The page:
Some bands are content with finding their niche and spending their entire careers in it. They might write the same song every time, but they do it so well that you’re not prone to care. Others find the box of a single sound or genre too constraining, and seek to meld as many disparate sonic elements into their recordings as possible. Lesser bands will take on this task with all the finesse and aesthetic sense of a hyperactive five-year-old at the sundae bar, but when a group has a clear vision and sense of purpose without overextending themselves in the process, the result can be something special. Case in point, the most recent release from Nux Vomica.

This is an album that one would classify as post-metal, but only because its sound straddles across so many genres that it’s impossible for anyone to pin it down. An immediate comparison would be early Neurosis, purely for the breadth of compositional style on display. The album sprawls across three 10+ minute tracks that flit between crusty d-beat gallops, soaring crescendos drenched with e-bows, and pummeling sludge anthems. Where the album distinguishes itself from its influence is with its crust-punk sensibilities. The songs are prone to launch into a full-on hardcore fury at the drop of a hat, and as indulgent as the more atmospheric passages can be, they only last for as long as they need to. For three songs lasting more than ten minutes, and one even coming close to twenty, there’s very little fat to be found.

The album requires patience to appreciate, but the band does a good job of making listening not seem like a chore. The slow atmospheric build of “Choked at the Roots” cements it as a highlight, but that’s not to say the other tracks aren’t pulling their weight. The epic song length makes this not an album of songs, but an album of moments – the initial menacing bass plucks of “Reeling,” the way “Choked” explodes into hardcore fury once it can’t soar any higher, the film samples that bubble up to the surface of the closing sludgy swamp on “Sanity is for the Passive,” and I could really go on forever. They cover the piece like ripe fruit on blossoming trees, or to use a more metal analogy, boils on a plague victim. And they don’t just stand on their own; they all blend together into a satisfying blend of atmospheric sludge’s vastness and hardcore punk’s immediacy. Paradoxically, the faster d-beat passages are the ones which are prone to keep treading water after their welcome has been worn out; the atmospheric segments always have a sense of momentum to them. But the band knows that a listener’s interest is not something to take for granted, so the songs always have a final destination in mind.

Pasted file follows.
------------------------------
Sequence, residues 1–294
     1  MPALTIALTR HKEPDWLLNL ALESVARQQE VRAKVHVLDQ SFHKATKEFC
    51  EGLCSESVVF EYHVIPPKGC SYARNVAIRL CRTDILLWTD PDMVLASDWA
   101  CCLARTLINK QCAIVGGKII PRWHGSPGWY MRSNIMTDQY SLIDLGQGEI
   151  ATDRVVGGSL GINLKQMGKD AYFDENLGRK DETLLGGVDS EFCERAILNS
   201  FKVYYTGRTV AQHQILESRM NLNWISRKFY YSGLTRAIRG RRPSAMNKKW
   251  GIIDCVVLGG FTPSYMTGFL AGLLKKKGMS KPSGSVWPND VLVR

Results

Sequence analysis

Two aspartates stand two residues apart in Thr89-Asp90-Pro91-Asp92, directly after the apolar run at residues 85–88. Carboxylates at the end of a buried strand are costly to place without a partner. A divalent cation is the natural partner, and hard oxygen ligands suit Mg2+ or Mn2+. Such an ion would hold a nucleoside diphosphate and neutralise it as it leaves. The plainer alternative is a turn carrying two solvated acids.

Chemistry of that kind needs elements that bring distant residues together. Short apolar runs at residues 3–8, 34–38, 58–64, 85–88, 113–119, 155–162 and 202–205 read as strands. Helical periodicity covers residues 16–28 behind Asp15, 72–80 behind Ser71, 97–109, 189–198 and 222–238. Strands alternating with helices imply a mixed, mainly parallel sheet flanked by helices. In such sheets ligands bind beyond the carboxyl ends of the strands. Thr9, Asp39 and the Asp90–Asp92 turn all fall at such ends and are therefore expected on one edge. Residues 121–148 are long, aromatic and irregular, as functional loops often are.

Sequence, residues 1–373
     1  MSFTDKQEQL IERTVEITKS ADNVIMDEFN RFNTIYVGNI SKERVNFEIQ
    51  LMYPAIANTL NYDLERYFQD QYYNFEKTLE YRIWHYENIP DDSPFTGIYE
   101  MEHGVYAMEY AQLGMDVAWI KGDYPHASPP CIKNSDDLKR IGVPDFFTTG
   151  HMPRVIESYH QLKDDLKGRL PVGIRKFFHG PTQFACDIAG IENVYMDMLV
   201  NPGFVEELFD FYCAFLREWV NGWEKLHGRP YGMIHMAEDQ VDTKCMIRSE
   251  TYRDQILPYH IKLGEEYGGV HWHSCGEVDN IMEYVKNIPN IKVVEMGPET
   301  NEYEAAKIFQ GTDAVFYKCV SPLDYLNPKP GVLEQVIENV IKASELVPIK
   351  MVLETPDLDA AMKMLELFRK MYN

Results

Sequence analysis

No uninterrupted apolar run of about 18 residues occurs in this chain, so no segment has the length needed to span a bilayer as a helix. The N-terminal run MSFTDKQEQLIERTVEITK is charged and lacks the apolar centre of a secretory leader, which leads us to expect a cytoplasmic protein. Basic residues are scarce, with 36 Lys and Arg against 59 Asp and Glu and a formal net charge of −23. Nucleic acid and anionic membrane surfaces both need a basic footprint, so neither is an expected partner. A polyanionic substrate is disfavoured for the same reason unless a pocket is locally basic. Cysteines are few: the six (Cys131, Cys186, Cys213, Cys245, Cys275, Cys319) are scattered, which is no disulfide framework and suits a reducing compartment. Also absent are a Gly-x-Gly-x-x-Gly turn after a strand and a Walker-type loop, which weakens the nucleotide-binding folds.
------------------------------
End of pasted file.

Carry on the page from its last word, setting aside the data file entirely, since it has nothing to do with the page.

I feel that this style of metal is overly prone to result in either aimless tedium, or something that’s such a conceptual mess of haphazardly-blended musical styles that it’s impossible to digest. Much like a five-year-old’s nightmarish sundae creation, the foundation’s been too buried in unnecessary bells and whistles that have been piled on until what’s left is something destined to have you running for the toilet in short order. It’s remarkable on its own when a band is able to avoid these pitfalls, but it’s even more notable when the band can craft something that’s worth listening to as not just a collection of well-crafted songs, but a cohesive and rewarding album. For the most part, Nux Vomica have succeeded with their most recent release, and whatever they put out next is sure to be even more impressive.

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Sam's first experience in the world of heavy metal was convincing his mother to buy him a Limp Bizkit cassette from his local Sam Goody. In his defense, he was twelve, and he soon realized the error of his ways once he started to actually listen to it. But once he impulse-bought Black Sabbath's Paranoid a few years later, his brain was set aflame with a lust for all things heavy. Sam's been on a never-ending quest for the most monstrous of riffs ever since, and while he's found a myriad of bands to worship, he will never be satisfied. When not slaving away on this site, he spends his time shackled to schoolwork and graduate research in New York City.